About the Overseas Trade Indexes (Prices) release
The Overseas Trade Indexes (Prices) measure changes in the prices of imports and exports of goods and services. This release provides information about price movements in five indexes.
- The overseas merchandise trade price indexes measure changes in the price levels of imports and exports of merchandise trade to and from New Zealand.
- The overseas services trade indexes measure changes in price levels of imports and exports of services to and from New Zealand on a quarterly basis.
- The overseas terms of trade index measures the changing volume of merchandise imports that can be funded by a fixed volume of New Zealand's merchandise exports.
Each index shows how a set of prices has changed over time. It is the change between two index numbers that is important. An individual index number has no meaning.
About the terms of trade
The terms of trade measures the changing volume of merchandise imports that can be funded by a fixed volume of New Zealand's merchandise exports. The merchandise terms of trade index is calculated as the ratio of the total export price index to the total import price index. This is then presented on an index reference period for the quarter ended June 2002 (=1000).
Broad economic categories (BEC): are arranged, as far as practical, to align with the System of National Accounts’ three basic classes; namely capital goods, intermediate goods, and consumption goods. Commodities in BEC are categorised based on their main end use. This means, for example, that all digital cameras are treated as consumption goods even though some are used in business.
Capital goods: produced assets used repeatedly or continuously for longer than one year in industrial production processes. Examples are machinery, trucks, and aircraft.
Consumption goods: goods used (without further transformation in industrial production processes) by households, government, or non-profit institutions serving households.
There are three types of consumption goods:
- durables have an expected usage of three years or more, eg appliances, furniture
- semi-durables have an expected usage of one or two years, eg footwear, clothing, games, toys
- non-durables have an expected usage of less than a year, eg medicines, cosmetics, yarns, books.
fob: free on board (the value of goods at New Zealand ports before export), which includes the cost of the goods plus the cost (including loading charges) of putting them on a vessel or aircraft.
Government services (exports): includes sales of capital assets excluding land, estimated expenditure of foreign embassies in New Zealand, the portion of the government's international aid spent in New Zealand, and the government's receipts from immigration fees.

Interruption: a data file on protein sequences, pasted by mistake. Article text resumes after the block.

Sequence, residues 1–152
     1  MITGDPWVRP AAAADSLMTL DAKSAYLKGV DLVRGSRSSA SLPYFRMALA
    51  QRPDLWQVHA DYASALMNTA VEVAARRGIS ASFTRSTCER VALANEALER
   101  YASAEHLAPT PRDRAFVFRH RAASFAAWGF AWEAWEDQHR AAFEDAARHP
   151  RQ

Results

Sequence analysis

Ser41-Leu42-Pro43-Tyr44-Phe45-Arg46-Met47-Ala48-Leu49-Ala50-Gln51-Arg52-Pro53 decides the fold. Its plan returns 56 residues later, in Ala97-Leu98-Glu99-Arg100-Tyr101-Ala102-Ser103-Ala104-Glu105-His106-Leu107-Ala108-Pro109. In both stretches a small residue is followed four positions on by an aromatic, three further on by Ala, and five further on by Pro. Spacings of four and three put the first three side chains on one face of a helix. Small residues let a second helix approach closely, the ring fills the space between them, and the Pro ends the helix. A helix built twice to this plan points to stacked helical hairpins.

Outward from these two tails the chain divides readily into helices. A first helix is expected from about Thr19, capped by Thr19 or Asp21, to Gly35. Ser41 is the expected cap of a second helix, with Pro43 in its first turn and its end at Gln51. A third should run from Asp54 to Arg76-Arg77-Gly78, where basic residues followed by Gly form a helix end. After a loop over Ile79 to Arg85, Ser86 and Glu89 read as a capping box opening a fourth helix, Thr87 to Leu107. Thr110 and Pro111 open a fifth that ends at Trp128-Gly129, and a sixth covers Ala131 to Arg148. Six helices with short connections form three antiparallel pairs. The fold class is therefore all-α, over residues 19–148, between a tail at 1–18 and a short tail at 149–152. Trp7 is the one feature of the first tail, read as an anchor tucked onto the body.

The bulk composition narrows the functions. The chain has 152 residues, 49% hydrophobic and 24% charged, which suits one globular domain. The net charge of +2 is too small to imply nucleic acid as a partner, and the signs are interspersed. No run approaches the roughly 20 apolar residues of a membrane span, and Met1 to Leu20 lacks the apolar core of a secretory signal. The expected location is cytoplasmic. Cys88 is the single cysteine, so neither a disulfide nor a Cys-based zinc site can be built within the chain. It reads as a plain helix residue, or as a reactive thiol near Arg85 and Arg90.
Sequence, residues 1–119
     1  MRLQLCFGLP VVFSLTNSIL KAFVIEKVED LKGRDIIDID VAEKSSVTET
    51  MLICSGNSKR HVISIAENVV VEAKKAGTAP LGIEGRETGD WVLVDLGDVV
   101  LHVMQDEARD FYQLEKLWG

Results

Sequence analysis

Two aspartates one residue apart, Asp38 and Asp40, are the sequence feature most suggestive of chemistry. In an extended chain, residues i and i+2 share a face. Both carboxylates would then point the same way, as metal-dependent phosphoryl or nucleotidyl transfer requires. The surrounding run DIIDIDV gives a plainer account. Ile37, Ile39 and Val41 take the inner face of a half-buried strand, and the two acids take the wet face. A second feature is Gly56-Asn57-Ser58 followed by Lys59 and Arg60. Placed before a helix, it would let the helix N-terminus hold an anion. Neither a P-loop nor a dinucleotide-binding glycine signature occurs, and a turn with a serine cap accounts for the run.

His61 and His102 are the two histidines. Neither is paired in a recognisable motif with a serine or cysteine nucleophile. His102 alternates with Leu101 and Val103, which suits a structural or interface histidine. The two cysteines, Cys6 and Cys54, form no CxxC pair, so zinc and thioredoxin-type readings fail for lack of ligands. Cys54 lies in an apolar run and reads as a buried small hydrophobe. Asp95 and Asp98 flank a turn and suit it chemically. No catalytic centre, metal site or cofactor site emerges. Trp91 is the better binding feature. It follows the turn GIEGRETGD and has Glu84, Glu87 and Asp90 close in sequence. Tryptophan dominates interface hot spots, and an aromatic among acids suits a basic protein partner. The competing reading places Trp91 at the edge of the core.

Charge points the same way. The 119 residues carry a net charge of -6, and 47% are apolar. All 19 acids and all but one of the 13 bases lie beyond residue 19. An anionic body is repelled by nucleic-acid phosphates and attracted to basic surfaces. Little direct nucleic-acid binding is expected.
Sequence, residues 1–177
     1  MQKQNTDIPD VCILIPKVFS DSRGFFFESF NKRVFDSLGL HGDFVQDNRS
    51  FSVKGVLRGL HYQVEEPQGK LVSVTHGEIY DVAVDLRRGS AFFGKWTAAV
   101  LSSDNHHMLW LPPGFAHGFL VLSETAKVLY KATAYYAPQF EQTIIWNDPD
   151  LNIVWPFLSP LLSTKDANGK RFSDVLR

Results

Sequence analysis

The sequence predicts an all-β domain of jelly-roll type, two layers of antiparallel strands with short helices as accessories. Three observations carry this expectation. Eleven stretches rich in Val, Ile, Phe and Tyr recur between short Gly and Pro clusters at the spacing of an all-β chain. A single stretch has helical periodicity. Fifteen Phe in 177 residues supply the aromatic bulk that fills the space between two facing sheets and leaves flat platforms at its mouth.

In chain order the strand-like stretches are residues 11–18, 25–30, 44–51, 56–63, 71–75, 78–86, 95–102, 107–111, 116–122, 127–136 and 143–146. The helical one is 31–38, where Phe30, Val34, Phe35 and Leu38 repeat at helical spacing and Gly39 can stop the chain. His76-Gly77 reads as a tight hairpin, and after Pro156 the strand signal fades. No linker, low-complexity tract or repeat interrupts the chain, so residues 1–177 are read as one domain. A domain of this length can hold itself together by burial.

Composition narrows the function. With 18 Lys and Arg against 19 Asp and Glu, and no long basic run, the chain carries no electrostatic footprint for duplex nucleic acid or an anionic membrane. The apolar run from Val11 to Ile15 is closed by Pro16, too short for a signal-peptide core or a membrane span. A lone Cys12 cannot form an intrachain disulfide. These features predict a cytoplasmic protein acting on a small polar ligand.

Government services (imports): operational expenses of New Zealand's embassies overseas and the costs of the New Zealand defence forces stationed overseas.
Index reference period: is the benchmark to which prices in other periods are compared (eg if the index number in a later period is 1150, prices have increased by 15 percent since the index reference period). Prices for later periods can also be compared in a similar fashion. The overseas merchandise trade indexes have an index reference period of the June 2002 quarter (=1000). The overseas services trade indexes have an index reference period of the June 1997 quarter (=1000).
Intermediate goods: goods used up or transformed in industrial production processes.
Merchandise trade: exports or imports of goods that increase or decrease the stock of material resources in New Zealand. Includes goods leased for a year or more.
Other services: services other than transportation, travel, and government services. Examples are insurance, royalties and licence fees, banking and financial services, computer and information services, telecommunications, and personal, cultural, and recreational services.
Price index: measures the change in price between time periods for a given set of goods or services. It summarises a set of prices for a variety of goods or services.
Re-exports: exported goods that were previously imported into New Zealand and that include less than 50 percent New Zealand content by value.
Transportation: the international carriage of goods and passengers. Includes freight, airfares, port services, and stevedoring.
Travel (exports): what overseas visitors spend while travelling in New Zealand, and the expenditure by international students in New Zealand.
Travel (imports): what New Zealanders spend while travelling overseas.
vfd: value for duty (the value of imports before insurance and freight costs are added).